“The Age of Impressionism” opened at the Kimbell Art Museum on March 11th with a fantastic arrangement of pieces from the Sterling and Francine Clark Art Institute of Williamstown, Massachusetts. The Clark collection of Impressionist pieces gives any viewer a concise and crisp view into the movement as a whole, and the collection itself is known and recognized around the world. The Kimbell is the exhibition’s only U.S. stop on its three year tour, with other shows taking place in Italy, Japan, China, the United Kingdom, Canada, France and Spain. This is quite a treat for the Lone Star state. With over twenty pieces by Renoir, six by Monet, selections by Toulouse-Lautrec, Degas, Manet, Pissarro, Sisley, Gauguin and other major French painters from the period, the 73 paintings exhibited display masterpieces from the popular Impressionist time period. The French impressionists are the soul of the Clark collection, which Sterling, the heir to the Singer sewing machine fortune, and his wife Francine, a French actress, began building in the early twentieth century. The Clarks erected an art museum in 1955 and have expanded the facilities over time. The Clark is currently undergoing a major expansion by architect Tadao Ando, and while construction is underway a large number of pieces have been lent for the exhibit.
It is a beautiful show, and the best part is that it just keeps on going. Paintings wrap around and fill the Kimbell’s large exhibition hall, and there is literally a masterpiece around every turn.
“Onions” by Pierre-Auguste Renoir painted 1881 was one gem of the show. The deliberate and quick brushstrokes from the artist seem to rain down in parallel diagonals and almost collide with the curvature of the onions, garlic and cloth atop the table. As with most of the paintings in the exhibition, from afar a delicate and moving scene is rendered, but the closer the viewer gets, the more the canvas seems to disintegrate into swaths of color; it is no great mystery these artists and these very works were the inspiration for the pointillist movement that followed.
Another favorite piece by Renoir was “Sunset”, c. 1879. The oil on canvas measuring 18 by 24 inches pays homage to Claude Monet’s famous 1872 painting “Impression Sunrise”, the painting which lent the movement its name when Parisian art critic Louis Leroy mockingly referred to it with the phrase, 'not a painting, just an impression'. Like Monet, Renoir’s seascape is a captured moment, an instantaneous impression depicted quickly on the canvas. With bright and dark blues, subtle yellows and vivid pinks the artist’s hand is evident in every stroke. As one looks at the piece, it is difficult to comprehend how the colors maintained their clarity and didn't collide into a quagmire of brown or purple.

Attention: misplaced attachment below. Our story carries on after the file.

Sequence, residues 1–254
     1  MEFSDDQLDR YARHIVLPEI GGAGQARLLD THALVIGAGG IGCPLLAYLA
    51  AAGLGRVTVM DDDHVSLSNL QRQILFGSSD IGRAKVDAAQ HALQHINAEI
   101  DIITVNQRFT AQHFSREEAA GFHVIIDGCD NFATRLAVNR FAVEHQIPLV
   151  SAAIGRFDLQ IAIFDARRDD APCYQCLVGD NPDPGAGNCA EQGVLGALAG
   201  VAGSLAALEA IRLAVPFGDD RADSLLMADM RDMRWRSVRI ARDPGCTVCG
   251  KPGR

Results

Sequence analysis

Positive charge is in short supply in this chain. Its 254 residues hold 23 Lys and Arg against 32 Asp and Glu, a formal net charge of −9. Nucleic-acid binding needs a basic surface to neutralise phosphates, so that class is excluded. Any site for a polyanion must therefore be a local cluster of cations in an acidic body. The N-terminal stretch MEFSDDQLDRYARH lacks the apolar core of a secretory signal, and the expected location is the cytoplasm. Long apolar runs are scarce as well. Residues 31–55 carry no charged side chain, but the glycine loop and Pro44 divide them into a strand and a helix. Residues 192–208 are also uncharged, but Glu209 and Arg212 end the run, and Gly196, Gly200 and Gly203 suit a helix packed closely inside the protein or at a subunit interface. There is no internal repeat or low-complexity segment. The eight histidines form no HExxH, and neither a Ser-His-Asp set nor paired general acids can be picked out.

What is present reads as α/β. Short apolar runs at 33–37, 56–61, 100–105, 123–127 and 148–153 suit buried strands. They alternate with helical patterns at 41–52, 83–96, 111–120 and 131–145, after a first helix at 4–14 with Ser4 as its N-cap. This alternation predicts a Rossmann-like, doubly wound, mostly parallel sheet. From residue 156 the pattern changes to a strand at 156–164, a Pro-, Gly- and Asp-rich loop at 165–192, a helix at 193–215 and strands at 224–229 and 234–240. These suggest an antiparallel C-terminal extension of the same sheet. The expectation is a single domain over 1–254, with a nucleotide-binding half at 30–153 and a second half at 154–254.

The piece is a masterful display of layered color and balancing line to create movement; the water moves at the mercy of the wind and current as the sun sets in the background, all targeted around a small black sail boat in the center of the canvas.
The numerous Renoir pieces are almost like a show within a show, clearly giving the viewer an overview of the artist’s evolution from the 1870s to the 1890s. Be sure to see his “Self Portrait” from 1875 in which the artist portrays himself in a black suit with a fancy colorful collar; the portrait is intense in expression, depiction and emotion.
The show-stealing piece was “Dancers in the Classroom”, 1880 by Edgar Degas. The oil on canvas measuring 15 ½ by 34 ¾ inches encapsulates Degas as an impressionist. At first glance the canvas is dark and almost murky, consisting mostly of browns, dark greens and maroon; the hues of a working dance studio before electric lighting. But as I studied the piece and let my eyes adjust to the canvas, there was nothing dark about it. It became delicate and bright, with bursts of color and movement.
Degas captured the mood of his subjects. Each dancer seems to be in her own world as she stretches and practices. Each is fully engrossed in her own thoughts; none confront the viewer directly. Amidst the low light of the studio coming in from the windows onto the muted walls and floor, Degas accentuated his subjects and livened his canvas with color; a yellow or orange sash wrapped around a dancer’s waist, red and blue on the folds of a ballerina’s fan, subtle pinks on their legs and the tops of their feet, all make the piece breathe and point to the heart of the artist's pursuit by capturing a momentary impression in time. This piece alone is worth attending the show.
The landscapes of the movement are powerfully represented with pieces like “The River Oise near Pontoise”, by Camille Pissarro, “Geese in the brook”, and “Tulip Fields at Sassenheim, near Leiden” by Claude Monet and the fantastic “Farm in the Landes” by Théodore Rousseau. These landscapes are smartly presented at the beginning of the show, allowing the viewer to see them as a breaking out point for the era and artists; they are the kindling which set fire to the movement.
So, do you really need to go see another Impressionist exhibition? In this case the answer is an absolute resounding Yes, because this isn’t just another show. The Clark collection includes many well-known masterpieces of Impressionism and this is a rare opportunity to see them in Texas. The Kimbell exhibition will be running through June 17th, when it will pack up and head to its next stop overseas. “The Age of Impressionism” is an extraordinary showcase certainly worthy to catch this summer. Don't miss it! And plan enough time on your visit to stop by the Amon Carter Museum. The Amon Carter specializes in American Art and the Clark has loaned four early John Singer Sargent paintings, a rare opportunity to see these pieces locally.